1. With apologies, sometimes your unequivocal statements are misguided. It’s a SIFI. It’s not an entity that everybody in the world can just shun and avoid “doing business with.” And you shouldn’t be hoping for Credit Suisse to run into trouble. Unless you live off the grid somewhere (say, in an abandoned bus in the Canadian wilderness), you’d be affected in a scenario where CS has problems. You can think you wouldn’t, and you can say you wouldn’t, but you’d be wrong. So just bear that in mind.

      1. If you’re right — and I have no reason to think you’re not — then that suggests to me we need a major rethink of the global financial system. If a single poorly managed bank in Switzerland is able, in effect, to hold every person in the world who chooses to live on the grid hostage to its bad decisions, then something is very, very wrong with that system and our assumptions about capitalism, national sovereignty, and individual agency.

        1. Your framing is one sided. It is not a poorly managed bank that is the issue. Yes it was poorly managed in the past, additional equity was brought in to fix that (quite a bit different from SVB) as well as new management. In normal circumstances it could still fail, relatively slowly.

          Now what we see today (and earlier this week) is relentless speculation with trading profit as only objective to see whether more banks can be brought down quickly. That is the issue at hand. You need to wonder who the real hostage takers are.

          If a major rethink of the global financial system would be on the table there is a lot to think about, not just a relatively small Swiss bank.

          1. Completely agree with your last statement. Too much opacity/not enough transparency, too much leverage (and ways to hide it), not enough regulation and oversight of the system, for starters.

        2. Of course he is right, and of course, we need to rethink how we do life around money. There is just way to much money laying around not at work, it’s actually surreal.
          And then of course, we as a society, are losing every day a bit more any form of idea about what it means to lead teams and manage large organisations. In my experience in M&A, I’d say that at least 80% of businesses are poorly managed.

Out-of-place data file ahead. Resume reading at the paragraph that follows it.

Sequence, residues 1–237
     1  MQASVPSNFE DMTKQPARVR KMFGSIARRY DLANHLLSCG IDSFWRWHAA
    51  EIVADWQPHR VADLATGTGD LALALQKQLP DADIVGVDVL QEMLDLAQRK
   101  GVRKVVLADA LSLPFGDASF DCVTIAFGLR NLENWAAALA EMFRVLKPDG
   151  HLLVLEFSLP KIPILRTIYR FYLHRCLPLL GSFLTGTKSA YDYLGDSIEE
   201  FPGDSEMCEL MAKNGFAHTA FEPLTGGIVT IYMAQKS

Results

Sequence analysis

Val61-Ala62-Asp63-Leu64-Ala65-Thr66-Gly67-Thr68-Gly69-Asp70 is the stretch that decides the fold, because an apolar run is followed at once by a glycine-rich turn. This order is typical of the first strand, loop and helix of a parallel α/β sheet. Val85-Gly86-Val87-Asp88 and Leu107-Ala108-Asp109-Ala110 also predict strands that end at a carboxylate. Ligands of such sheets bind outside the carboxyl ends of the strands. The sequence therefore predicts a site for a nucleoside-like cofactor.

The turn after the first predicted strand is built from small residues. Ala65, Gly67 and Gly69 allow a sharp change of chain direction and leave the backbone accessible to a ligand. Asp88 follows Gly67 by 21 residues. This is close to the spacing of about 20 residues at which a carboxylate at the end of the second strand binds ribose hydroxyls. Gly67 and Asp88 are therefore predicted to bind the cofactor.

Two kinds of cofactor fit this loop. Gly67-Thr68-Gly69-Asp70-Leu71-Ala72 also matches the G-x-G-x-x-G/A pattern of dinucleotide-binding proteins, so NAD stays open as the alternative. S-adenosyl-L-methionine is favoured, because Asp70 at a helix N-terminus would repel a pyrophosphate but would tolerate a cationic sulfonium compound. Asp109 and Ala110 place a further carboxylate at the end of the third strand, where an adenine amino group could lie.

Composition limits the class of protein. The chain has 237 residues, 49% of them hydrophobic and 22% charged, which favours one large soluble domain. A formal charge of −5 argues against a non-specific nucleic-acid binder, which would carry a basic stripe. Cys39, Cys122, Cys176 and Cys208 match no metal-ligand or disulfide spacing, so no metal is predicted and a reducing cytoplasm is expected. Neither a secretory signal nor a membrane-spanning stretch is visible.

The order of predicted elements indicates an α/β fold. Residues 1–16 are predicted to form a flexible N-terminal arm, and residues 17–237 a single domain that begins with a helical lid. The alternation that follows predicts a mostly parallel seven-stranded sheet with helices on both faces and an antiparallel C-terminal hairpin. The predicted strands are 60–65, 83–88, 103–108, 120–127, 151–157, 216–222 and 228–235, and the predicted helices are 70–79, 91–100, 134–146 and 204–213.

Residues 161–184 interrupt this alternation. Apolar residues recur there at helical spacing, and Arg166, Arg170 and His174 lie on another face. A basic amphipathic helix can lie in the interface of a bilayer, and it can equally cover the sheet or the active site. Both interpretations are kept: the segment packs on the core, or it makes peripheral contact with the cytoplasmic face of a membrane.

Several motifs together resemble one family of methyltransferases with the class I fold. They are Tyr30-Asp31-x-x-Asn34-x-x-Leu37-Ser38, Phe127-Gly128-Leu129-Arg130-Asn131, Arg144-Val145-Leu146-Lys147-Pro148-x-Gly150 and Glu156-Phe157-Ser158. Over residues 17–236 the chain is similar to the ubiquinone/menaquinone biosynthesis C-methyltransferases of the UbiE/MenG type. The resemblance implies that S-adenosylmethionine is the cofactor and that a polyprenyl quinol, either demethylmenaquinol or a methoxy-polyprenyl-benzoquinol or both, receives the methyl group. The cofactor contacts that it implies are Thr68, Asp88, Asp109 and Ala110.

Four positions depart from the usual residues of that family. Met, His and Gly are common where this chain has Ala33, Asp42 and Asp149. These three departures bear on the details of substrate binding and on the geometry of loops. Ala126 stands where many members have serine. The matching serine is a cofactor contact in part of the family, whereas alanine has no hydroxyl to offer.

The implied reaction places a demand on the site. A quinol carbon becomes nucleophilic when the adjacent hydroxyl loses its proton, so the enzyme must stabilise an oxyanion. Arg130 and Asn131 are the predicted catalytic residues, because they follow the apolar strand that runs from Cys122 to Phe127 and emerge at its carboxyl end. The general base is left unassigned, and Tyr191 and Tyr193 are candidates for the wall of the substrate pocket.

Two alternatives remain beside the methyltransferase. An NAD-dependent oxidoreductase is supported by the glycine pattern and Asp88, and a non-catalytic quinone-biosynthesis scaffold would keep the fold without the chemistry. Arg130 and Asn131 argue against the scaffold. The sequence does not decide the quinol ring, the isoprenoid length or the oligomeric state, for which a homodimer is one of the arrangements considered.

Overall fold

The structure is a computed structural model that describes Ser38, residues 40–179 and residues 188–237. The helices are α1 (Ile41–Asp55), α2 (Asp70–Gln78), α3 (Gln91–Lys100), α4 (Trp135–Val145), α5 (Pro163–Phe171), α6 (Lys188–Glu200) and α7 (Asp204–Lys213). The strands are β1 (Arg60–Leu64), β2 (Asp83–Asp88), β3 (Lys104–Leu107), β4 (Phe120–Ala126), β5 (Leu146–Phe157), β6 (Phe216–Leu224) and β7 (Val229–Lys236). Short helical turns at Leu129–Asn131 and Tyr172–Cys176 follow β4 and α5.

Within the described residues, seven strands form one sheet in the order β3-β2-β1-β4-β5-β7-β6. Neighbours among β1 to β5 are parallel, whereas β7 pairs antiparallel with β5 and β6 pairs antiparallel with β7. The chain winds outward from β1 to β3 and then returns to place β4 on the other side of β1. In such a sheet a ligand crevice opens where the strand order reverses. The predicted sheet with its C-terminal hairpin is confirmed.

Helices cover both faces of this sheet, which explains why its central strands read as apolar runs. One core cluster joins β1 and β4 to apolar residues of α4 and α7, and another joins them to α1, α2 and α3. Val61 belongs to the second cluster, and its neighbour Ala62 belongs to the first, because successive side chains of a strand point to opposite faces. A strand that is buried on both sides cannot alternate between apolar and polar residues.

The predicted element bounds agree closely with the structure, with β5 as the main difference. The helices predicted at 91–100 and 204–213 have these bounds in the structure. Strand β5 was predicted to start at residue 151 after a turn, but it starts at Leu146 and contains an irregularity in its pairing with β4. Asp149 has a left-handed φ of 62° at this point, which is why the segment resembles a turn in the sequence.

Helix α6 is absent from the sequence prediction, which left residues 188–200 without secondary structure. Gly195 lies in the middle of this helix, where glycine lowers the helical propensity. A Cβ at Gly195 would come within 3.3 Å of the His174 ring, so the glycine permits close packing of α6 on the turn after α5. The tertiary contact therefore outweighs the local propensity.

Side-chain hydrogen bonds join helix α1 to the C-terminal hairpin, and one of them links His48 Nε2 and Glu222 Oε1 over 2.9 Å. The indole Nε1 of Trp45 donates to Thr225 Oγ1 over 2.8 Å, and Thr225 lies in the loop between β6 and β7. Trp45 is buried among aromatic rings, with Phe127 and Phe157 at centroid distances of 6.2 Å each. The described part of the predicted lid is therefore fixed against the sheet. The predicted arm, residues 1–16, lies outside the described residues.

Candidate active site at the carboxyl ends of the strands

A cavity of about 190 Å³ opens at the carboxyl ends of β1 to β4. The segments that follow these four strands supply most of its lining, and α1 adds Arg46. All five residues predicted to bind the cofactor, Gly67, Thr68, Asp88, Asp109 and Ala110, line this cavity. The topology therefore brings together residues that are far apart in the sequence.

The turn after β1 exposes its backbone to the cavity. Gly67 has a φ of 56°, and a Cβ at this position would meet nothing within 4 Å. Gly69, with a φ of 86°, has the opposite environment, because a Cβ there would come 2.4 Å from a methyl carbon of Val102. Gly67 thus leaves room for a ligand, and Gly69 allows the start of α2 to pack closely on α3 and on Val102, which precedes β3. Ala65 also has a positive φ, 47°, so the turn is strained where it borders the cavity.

This has less to do with capitalism then the basic assumptions that people are good at what they do when it comes to organisation above 100 people.

        3. Well said mfn. CS has an approx. $10 billion market cap if I’m not mistaken. We apparently survived much bigger banks failing during GFC and then the pieces being acquired by stronger institutions, once an orderly process was laid out by the authorities. I’m certainly not hoping for CS or any institution, large or small, to fail. Govt should protect the depositors to prevent bank runs, so we can all live happily within the grid and avoid recurring bailouts.

  3. The ECB decision tomorrow is must watch TV, will Lagarde risk it? It is decision time for central bankers in the developed world. I’m starting to think even the Fed might pause next week, not a dull day lately…

    1. Really huge. I had a colleague once who wrote his PhD dissertation on the notional value of derivatives, held by US banks, items not then included on balance sheets. He was aghast to find the total amount ran to something like $100 bil. This study was done about 25+ years ago. Last year, VisualCapitalist.com reported that the global market for derivatives measured by notional value, was over 800 trillion! That’s close to 8 times the total annual global GDP.

  4. Maybe there was fire, causing the smoke at Credit Suisse in October. Really hard to tell with such a convoluted financial system. I don’t wish for a meltdown at Credit Suisse or the banking system (which could easily be a prelude to societal breakdown). I can’t be the only though wishing for a sound money system. No one reading this is old enough to know, but was it ever sound? Was it created for exploitation or has a sound system been exploited? It seems we get further away, sometimes by the minute, from any common sense when it comes to money.

    A house of cards, fractional reserves being the foundation, smoke and mirrors, gamification, weaponization, hide and seek, obfuscate, and any/everything else horrible you can think of describes the financial landscape that regular folks are subject to daily.

    No wonder conspiracy theorists can hold any sway. No wonder at all.

    I am not a conspiracy theorist, but it seems that ever since 9/11, when the world’s financial center was attacked, and the world stopped trading for what seemed like an eternity leading to exposing the fragility of the global financial system, we have gone from one financial catastrophe to another. Almost as if the major players are all in to reap whatever possible before an even larger event shakes things down maybe for good.
    Maybe that’s just me; I know I sound crazy for putting this in writing.

    Getting rich quick(wanting to and also actually achieving it) pervades our culture, Working hard and/or honestly smart is often derided and it comes from thinking the system is rigged. Why wouldn’t you cheat to win? Winning without honor just means you weren’t the sucker. Winning with honor;
    silly notion.

    I think we do have to worry about Credit Suisse and every single other bank operating today. Let creative traders trade, wild speculators speculate, and bankers be boring bankers for a change. And when failures occur, it’ll be ok to let them.